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The Facts of Reconstruction

The Facts of Reconstruction
  

The Reconstruction era was the period from 1863 to 1877 in American history. It was a significant chapter in the history of American civil rights. The term has two applications: the first applies to the complete history of the entire country from 1865 to 1877 following the Americ... read full description below.

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ISBN 9780368500749
Barcode 9780368500749
Published 28 March 2019 by Blurb, Inc.
Format Trade Paperback/Paperback
Alternate Format(s) View All (4 other possible title(s) available)
Author(s) By Lynch, John R.
Availability Internationally sourced (on backorder); allow 4-8 weeks

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Full details for this title

ISBN-13 9780368500749
ISBN-10 0368500748
Stock Available
Status Internationally sourced (on backorder); allow 4-8 weeks
Publisher Blurb, Inc.
Imprint Blurb
Publication Date 28 March 2019
Publication Country
Format Trade Paperback/Paperback
Author(s) By Lynch, John R.
Category American History
Organic Chemistry
Family, Home & Self Help
Number of Pages 218
Dimensions Width: 152mm
Height: 229mm
Spine: 12mm
Weight 299g
Interest Age General Audience
Reading Age General Audience
NBS Text Regional History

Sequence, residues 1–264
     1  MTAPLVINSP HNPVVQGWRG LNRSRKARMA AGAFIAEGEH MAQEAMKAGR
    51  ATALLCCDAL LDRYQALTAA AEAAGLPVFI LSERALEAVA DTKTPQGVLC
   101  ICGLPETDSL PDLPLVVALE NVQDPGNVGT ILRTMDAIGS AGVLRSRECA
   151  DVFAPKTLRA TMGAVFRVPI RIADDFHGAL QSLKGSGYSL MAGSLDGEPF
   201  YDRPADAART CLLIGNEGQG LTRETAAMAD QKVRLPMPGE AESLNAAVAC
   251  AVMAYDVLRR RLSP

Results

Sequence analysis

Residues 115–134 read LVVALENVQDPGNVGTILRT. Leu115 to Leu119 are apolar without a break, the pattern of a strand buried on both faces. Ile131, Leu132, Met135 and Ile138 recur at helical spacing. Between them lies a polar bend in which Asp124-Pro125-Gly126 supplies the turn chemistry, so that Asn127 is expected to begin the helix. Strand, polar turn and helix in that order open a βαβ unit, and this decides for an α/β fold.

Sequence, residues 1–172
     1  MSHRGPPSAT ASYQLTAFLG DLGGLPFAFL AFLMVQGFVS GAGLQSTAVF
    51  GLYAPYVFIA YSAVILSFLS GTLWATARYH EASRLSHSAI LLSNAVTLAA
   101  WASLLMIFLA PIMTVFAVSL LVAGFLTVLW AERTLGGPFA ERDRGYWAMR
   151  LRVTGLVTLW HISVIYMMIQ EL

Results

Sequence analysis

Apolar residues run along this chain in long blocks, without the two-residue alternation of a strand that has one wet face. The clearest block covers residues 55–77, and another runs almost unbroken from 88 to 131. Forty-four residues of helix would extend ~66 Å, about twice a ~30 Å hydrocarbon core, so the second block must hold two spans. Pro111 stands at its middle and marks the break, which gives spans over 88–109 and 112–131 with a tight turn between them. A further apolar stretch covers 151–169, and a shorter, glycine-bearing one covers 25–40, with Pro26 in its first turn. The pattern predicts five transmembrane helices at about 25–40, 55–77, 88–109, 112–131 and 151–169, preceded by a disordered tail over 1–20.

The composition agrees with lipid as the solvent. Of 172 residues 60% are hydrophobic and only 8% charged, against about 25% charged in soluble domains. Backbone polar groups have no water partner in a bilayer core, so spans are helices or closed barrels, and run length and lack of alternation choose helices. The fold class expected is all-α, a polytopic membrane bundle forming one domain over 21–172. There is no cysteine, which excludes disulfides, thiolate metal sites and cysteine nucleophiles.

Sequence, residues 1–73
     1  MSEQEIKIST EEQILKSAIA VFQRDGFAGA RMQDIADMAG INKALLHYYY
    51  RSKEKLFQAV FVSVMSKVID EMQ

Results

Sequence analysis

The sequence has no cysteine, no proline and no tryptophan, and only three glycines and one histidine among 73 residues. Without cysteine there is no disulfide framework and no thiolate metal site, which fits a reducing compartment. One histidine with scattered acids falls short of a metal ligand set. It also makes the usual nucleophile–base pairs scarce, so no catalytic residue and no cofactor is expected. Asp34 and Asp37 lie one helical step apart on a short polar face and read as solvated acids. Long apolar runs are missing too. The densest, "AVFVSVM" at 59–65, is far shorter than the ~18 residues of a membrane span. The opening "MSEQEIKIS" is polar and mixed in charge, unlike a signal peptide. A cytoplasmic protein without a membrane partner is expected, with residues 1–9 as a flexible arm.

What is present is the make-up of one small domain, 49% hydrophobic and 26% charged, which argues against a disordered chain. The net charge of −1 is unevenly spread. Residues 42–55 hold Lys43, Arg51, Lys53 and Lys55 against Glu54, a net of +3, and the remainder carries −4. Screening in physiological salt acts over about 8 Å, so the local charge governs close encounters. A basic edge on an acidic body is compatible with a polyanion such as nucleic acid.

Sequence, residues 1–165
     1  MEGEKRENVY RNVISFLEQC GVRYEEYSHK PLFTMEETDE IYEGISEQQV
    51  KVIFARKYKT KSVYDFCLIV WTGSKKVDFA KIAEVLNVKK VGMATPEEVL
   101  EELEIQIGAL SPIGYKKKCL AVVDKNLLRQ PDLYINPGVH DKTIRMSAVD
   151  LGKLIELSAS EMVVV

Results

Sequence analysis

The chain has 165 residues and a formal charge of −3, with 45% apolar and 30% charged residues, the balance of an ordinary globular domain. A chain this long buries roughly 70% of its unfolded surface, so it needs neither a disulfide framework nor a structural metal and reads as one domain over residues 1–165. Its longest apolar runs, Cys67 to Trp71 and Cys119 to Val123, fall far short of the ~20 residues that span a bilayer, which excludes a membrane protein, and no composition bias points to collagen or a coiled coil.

ONIX Text General/trade
Dewey Code 547.7
Catalogue Code Not specified

Description of this Book

The Reconstruction era was the period from 1863 to 1877 in American history. It was a significant chapter in the history of American civil rights. The term has two applications: the first applies to the complete history of the entire country from 1865 to 1877 following the American Civil War; the second, to the attempted transformation of the 11 ex-Confederate states from 1863 to 1877, as directed by Congress. Reconstruction ended the remnants of Confederate secession and ended slavery, making the newly-free slaves citizens with civil rights ostensibly guaranteed by three new Constitutional amendments. Three visions of Civil War memory appeared during Reconstruction: the reconciliationist vision, which was rooted in coping with the death and devastation the war had brought; the white supremacist vision, which included segregation and the preservation of the traditional cultural standards of the South; and the emancipationist vision, which sought full freedom, citizenship, and Constitutional equality for African Americans.

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